.

More than 40 institutions worldwide have facilities for plastination, mainly for medical research and study, and most affiliated to the International Society for Plastination.

Treatment of ancient mummies in modern times


In the Middle Ages
Middle Ages
The Middle Ages is a periodization of European history from the 5th century to the 15th century. The Middle Ages follows the fall of the Western Roman Empire in 476 and precedes the Early Modern Era. It is the middle period of a three-period division of Western history: Classic, Medieval and Modern...

, based on a mistranslation from the Arabic
Arabic language
Arabic is a name applied to the descendants of the Classical Arabic language of the 6th century AD, used most prominently in the Quran, the Islamic Holy Book...

 term for bitumen, it was thought that mummies possessed healing properties. As a result, it became common practice to grind Egyptian mummies into a powder to be sold and used as medicine. When actual mummies became unavailable, the sun-desiccated
Desiccation
Desiccation is the state of extreme dryness, or the process of extreme drying. A desiccant is a hygroscopic substance that induces or sustains such a state in its local vicinity in a moderately sealed container.-Science:...

 corpses of criminals, slaves and suicidal
Suicide
Suicide is the act of intentionally causing one's own death. Suicide is often committed out of despair or attributed to some underlying mental disorder, such as depression, bipolar disorder, schizophrenia, alcoholism, or drug abuse...

 people were substituted by mendacious merchants. The practice developed into a wide-scale business that flourished until the late 16th century. Two centuries ago, mummies were still believed to have medicinal properties to stop bleeding, and were sold as pharmaceuticals in powdered form as in mellified man
Mellified Man
Mellified man, or human mummy confection, was a legendary medicinal substance created by steeping a human cadaver in honey. The concoction is mentioned only in Chinese sources, most significantly the Bencao Gangmu of the 16th-century Chinese pharmacologist Li Shizhen...

.
Artists also made use of Egyptian mummies; a brownish paint known as Caput mortuum
Caput mortuum
Caput Mortuum is a Latin term whose literal meaning is "dead head" or "worthless remains", used in alchemy and also as the name of a pigment.-Alchemy and chemistry:...

(Latin for death's head) was originally made from the wrappings of mummies. It was most popular in the 17th century, but was discontinued in the early 19th century when its composition became generally known to artists. Many thousands of mummified cats were also sent from Egypt to England to be processed for use in fertilizer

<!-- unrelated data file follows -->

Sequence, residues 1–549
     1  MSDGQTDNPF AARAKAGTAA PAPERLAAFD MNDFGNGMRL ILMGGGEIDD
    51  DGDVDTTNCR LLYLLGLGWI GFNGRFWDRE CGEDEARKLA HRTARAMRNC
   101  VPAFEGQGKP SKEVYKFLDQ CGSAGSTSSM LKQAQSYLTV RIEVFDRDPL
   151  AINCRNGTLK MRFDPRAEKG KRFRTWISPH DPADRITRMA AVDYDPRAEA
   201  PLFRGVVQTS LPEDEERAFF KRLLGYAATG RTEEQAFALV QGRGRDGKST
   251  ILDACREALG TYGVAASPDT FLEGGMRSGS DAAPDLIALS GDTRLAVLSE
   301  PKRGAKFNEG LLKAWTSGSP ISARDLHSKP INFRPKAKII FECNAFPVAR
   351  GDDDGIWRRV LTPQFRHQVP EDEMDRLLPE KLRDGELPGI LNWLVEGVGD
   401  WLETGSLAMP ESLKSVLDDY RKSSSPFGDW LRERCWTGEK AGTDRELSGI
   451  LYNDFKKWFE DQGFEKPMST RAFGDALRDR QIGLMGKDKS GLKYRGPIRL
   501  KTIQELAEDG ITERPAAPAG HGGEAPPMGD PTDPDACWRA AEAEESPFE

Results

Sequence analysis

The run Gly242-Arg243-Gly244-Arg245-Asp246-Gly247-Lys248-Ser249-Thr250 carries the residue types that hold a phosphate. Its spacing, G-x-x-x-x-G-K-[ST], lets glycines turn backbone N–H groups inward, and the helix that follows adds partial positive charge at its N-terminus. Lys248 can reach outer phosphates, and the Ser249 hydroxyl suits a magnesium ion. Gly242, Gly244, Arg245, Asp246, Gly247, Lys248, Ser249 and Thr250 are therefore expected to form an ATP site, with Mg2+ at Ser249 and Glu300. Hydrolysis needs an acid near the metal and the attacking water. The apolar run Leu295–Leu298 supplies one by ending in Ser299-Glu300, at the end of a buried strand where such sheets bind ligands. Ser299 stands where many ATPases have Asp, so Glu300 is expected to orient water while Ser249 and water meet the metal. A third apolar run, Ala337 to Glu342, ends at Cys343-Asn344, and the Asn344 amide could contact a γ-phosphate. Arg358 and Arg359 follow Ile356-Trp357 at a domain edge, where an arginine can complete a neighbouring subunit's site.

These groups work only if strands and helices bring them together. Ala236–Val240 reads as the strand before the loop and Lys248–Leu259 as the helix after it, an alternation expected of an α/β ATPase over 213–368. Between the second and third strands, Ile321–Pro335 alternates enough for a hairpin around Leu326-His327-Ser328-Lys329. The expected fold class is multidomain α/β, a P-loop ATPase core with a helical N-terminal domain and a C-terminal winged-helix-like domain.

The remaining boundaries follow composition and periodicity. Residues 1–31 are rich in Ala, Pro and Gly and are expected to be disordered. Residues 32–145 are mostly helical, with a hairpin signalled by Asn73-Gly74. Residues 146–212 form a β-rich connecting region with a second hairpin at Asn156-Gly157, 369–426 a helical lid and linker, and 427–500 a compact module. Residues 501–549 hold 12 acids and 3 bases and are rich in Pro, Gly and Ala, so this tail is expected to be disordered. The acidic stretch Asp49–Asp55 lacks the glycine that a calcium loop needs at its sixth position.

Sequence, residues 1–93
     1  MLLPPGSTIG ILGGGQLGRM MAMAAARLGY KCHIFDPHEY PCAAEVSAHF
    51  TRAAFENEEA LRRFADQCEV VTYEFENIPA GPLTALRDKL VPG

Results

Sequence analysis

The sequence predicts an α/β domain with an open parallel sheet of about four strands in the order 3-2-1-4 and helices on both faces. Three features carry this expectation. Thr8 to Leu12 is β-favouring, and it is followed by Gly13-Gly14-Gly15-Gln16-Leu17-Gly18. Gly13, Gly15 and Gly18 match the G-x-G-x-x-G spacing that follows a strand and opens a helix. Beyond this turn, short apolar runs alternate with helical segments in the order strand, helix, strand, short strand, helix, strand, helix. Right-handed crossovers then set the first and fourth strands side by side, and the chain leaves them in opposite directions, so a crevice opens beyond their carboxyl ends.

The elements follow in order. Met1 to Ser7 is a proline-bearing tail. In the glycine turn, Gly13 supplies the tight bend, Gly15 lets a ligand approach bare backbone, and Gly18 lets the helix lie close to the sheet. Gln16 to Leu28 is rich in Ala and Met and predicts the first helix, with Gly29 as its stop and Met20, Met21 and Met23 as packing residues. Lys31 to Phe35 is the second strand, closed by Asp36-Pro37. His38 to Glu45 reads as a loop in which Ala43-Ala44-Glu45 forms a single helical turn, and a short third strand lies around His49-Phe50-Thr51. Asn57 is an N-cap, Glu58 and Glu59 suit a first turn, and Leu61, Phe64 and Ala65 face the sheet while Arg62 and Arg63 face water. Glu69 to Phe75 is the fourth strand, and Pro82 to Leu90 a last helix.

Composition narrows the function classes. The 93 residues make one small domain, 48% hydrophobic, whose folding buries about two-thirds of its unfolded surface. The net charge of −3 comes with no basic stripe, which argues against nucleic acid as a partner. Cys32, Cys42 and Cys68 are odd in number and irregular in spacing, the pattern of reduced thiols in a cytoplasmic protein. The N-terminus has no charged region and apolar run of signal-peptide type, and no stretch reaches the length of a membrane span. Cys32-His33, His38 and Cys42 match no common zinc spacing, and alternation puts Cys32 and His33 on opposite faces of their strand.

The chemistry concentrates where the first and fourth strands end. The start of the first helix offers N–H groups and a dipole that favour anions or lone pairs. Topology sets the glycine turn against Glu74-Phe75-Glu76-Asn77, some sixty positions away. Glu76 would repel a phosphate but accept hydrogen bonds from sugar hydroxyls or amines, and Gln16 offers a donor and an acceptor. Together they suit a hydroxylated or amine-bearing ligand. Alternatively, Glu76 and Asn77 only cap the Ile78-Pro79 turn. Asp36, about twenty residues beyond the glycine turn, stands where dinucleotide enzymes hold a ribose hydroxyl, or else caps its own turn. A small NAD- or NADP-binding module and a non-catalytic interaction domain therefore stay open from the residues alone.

Fertilizer
Fertilizer is any organic or inorganic material of natural or synthetic origin that is added to a soil to supply one or more plant nutrients essential to the growth of plants. A recent assessment found that about 40 to 60% of crop yields are attributable to commercial fertilizer use...

.

During the 19th century, following the discovery of the first tombs and artifacts in Egypt, Egyptology was a huge fad in Europe, especially in Victorian England
Victorian era
The Victorian era of British history was the period of Queen Victoria's reign from 20 June 1837 until her death on 22 January 1901. It was a long period of peace, prosperity, refined sensibilities and national self-confidence...

. European aristocrats would occasionally entertain themselves by purchasing mummies, having them unwrapped, and holding observation sessions. These sessions destroyed hundreds of mummies, because the exposure to the air caused them to disintegrate.

An urban myth
Urban legend
An urban legend, urban myth, urban tale, or contemporary legend, is a form of modern folklore consisting of stories that may or may not have been believed by their tellers to be true...

 of mummies being used as fuel
Fuel
Fuel is any material that stores energy that can later be extracted to perform mechanical work in a controlled manner. Most fuels used by humans undergo combustion, a redox reaction in which a combustible substance releases energy after it ignites and reacts with the oxygen in the air...

 for locomotives
Steam locomotive
A steam locomotive is a railway locomotive that produces its power through a steam engine. These locomotives are fueled by burning some combustible material, usually coal, wood or oil, to produce steam in a boiler, which drives the steam engine...

 was even popularized by Mark Twain
Mark Twain
Samuel Langhorne Clemens , better known by his pen name Mark Twain, was an American author and humorist...

, but the truth of the story remains debatable. During the American Civil War
American Civil War
The American Civil War was a civil war fought in the United States of America. In response to the election of Abraham Lincoln as President of the United States, 11 southern slave states declared their secession from the United States and formed the Confederate States of America ; the other 25...

, mummy-wrapping linens were said to have been used to manufacture paper
Paper
Paper is a thin material mainly used for writing upon, printing upon, drawing or for packaging. It is produced by pressing together moist fibers, typically cellulose pulp derived from wood, rags or grasses, and drying them into flexible sheets....

. Evidence for the reality of these claims is still equivocal.

In popular culture




Mummies are commonly featured in horror genres as undead
Undead
Undead is a collective name for fictional, mythological, or legendary beings that are deceased and yet behave as if alive. Undead may be incorporeal, such as ghosts, or corporeal, such as vampires and zombies...